When Nepal first became united, the capital wasn't Kathmandu, but a hillside town called Gorkha, 5 hours drive northwest of today's capital. You may have heard of the Gurkhas, soldiers from this kingdom hired by the British and renowned for their loyalty in Britain's colonial days in South Asia. Rugged mountain living makes for good musicians as well as hired soldiers.
I love this town. I first came here in 2002 with my friend Raj Kumar, in search of musicians who knew the old songs. We found Akal Bahadur Gandarba, (the guy with the brilliant eyes in the video and photo from the first blog). He had this great scratchy style of singing and was incredibly humble compared to the other musicians I'd recorded. When I asked what he wanted in exchange for letting me record him, he simply asked for clothes for his grandchildren. So this time around we've got loads of secondhand childrens' clothes, as well as a fair chunk of change for the old guy.
After shaking off the twisty drive from Kathmandu, we walk to his small mudbrick house and try not to give him a heart attack with all our film gear and funny-looking faces. In spite of no forewarning, Akal and his wife break out the floormats and invite us in. It never ceases to amaze me how the people with the least material wealth are the ones who give the most to strangers. Akal remembers me and we sit down to chat, play music, and catch up. His son is happily no longer on the police force, all smiles now that his clothing doesn't make him a target.
Akal's wife has some form of cancer, which has taken one of her fingers and is working on a second. Since she'll never have the money to see a doctor in Kathmandu, I take some pictures of the rotten apendage to send to doctors back in the states. Maybe someone there can at least diagnose it. I give her some antibiotic ointment to keep the infection from getting any worse and also about 5000 rupees for their time and Akal's brilliant playing.
Akal sings us a few songs and plays with Danny on the fiddle. It's a good first day of shooting, giving everyone on the video crew a chance to sort out how things are going to work, with a musician who's accustomed to me pointing weird electronic devices at him while he plays his sarangi. The light is gorgeous in late afternoon, but since Akal lives next to the only flat ground on his part of the hillside, we have to constantly shush the kids playing football next door. "You want us to be quiet???" they scream as we retake interview questions. Next time we're gonna buy em off with candy.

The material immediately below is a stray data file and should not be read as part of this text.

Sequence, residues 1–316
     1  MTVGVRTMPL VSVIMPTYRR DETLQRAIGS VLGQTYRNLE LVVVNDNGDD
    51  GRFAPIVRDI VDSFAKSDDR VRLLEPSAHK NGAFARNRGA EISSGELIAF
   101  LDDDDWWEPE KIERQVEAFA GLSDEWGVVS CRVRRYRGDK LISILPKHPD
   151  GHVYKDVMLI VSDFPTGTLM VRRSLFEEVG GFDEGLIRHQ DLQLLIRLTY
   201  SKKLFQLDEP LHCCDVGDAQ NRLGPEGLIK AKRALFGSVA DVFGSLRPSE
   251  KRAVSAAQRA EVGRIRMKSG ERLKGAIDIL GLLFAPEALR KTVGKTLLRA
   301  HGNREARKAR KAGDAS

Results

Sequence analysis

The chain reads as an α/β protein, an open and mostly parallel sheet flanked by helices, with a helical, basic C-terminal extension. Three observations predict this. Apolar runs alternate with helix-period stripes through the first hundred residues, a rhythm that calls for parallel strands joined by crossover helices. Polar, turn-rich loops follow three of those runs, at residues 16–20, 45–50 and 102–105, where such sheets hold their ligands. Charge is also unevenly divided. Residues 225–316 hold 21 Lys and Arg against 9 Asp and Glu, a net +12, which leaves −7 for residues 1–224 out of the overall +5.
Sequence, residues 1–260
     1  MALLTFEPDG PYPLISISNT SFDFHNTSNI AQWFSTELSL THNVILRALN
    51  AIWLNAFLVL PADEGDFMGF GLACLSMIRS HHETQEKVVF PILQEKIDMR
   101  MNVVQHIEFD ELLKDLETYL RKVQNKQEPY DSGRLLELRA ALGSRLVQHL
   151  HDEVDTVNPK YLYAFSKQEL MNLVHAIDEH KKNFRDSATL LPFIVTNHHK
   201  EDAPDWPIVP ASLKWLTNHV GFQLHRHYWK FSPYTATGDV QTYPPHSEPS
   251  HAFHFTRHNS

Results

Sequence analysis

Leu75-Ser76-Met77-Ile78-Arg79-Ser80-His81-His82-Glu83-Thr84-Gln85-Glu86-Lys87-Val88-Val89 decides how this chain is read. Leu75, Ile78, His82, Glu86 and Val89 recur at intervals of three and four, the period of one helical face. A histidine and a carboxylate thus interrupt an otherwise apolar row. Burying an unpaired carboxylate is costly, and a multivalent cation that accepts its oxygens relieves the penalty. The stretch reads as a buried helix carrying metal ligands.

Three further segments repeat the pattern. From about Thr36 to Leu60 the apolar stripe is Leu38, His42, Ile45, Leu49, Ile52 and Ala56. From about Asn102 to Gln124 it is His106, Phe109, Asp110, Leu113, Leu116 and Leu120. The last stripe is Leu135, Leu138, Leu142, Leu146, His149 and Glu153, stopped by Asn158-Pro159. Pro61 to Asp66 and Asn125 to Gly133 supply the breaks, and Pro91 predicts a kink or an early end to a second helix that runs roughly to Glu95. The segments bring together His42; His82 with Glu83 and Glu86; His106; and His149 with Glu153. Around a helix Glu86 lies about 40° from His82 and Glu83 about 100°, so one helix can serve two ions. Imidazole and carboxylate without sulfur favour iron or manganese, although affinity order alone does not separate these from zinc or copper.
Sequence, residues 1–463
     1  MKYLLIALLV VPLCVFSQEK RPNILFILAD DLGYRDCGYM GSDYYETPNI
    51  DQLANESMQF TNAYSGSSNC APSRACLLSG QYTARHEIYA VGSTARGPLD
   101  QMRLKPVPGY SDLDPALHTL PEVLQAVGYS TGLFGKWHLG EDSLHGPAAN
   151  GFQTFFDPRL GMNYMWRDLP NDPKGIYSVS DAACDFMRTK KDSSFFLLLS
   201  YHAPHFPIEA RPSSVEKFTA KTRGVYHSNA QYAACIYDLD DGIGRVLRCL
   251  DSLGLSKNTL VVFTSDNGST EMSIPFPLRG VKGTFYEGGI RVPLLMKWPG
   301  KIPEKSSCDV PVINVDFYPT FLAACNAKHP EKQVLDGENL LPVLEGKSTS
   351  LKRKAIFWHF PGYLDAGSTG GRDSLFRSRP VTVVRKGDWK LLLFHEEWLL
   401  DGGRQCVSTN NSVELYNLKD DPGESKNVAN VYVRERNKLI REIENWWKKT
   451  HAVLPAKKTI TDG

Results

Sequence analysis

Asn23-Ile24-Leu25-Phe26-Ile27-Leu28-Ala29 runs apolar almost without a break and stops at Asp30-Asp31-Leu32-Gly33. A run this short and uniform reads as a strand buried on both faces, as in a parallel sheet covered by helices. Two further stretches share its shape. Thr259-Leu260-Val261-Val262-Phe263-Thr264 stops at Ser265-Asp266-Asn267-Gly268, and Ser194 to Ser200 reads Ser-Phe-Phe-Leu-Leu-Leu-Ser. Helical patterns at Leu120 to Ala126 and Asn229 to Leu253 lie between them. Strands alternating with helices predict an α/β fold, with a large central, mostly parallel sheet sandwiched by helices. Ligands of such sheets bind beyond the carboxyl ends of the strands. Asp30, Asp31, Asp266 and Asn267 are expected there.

The following morning we climb the stone steps to the ridge above Gorkha where the Durbar (castle temple) sits perched between the lowlands to the south and the Himalayas to the north. Over the ridge, we can see a few of the huge white Himal, peering through the morning haze over a deep valley of rice terraces, the deepest part filled with a sea of cloud. Although I live in Montana and have seen plenty of jagged snowy mountains, nothing compares to the Himal rising out of the morning mist. The photographs do it no justice.
Hundreds of Nepalis have brought goats to the Hindu temple to sacrifice, so the wild sound recordings are a mix of bleeting, temple bells, and echoing roosters from the valley below. As we walk back into town, an eerie mist envelopes the hillside and kills our plans for shooting in the morning light.
We close the doors to Akal's small home and set up the mics for a slightly cleaner studio session. Still people come around looking through the windows and offering their loud commentary. But we're able to maintain some reasonable crowd control, and the recordings come out well.
That afternoon we walk down to Ganesh's family's home. Ganesh is our translator for this recording expedition and his father, Gopi Lal Gandhari, plays us some great old songs, including one in 7/8 time, based off an old Indian raga and more complex than the typical folk songs. It's thought that the Gandharbas may have come from Rajastan in India a long time ago and brought vestiges of Indian classical music along with them. Gopi Lal's sister starts singing along and turns out to be the jewel of this gathering. She has great stories about her days traveling village to village as a wandering minstrel, in spite of her parents' warnings. Not too many women Gandharbas do this, but Durga Devi insists that her daughter will learn to play sarangi.
Leaving the cameras and recorders at home this evening, we return to Gopilal's house for dinner of Dahl Bhat (lentils and rice) and raksi (local rice moonshine). We bring our instruments and there's plenty of dancing and merriment, the Gopilal's wife insisting that Danny and I are her new sons.
We return to Akal's the next day and he joins us down at Gopi Lal's for an all-star jam of Gorkha's Gandharba community, including Lal Bahadur, an old-timer from nearby Ghampesal. Tara and Danny join in with a few Appalachian songs and play along to the Nepali tunes. Great fun in the high mountain sun.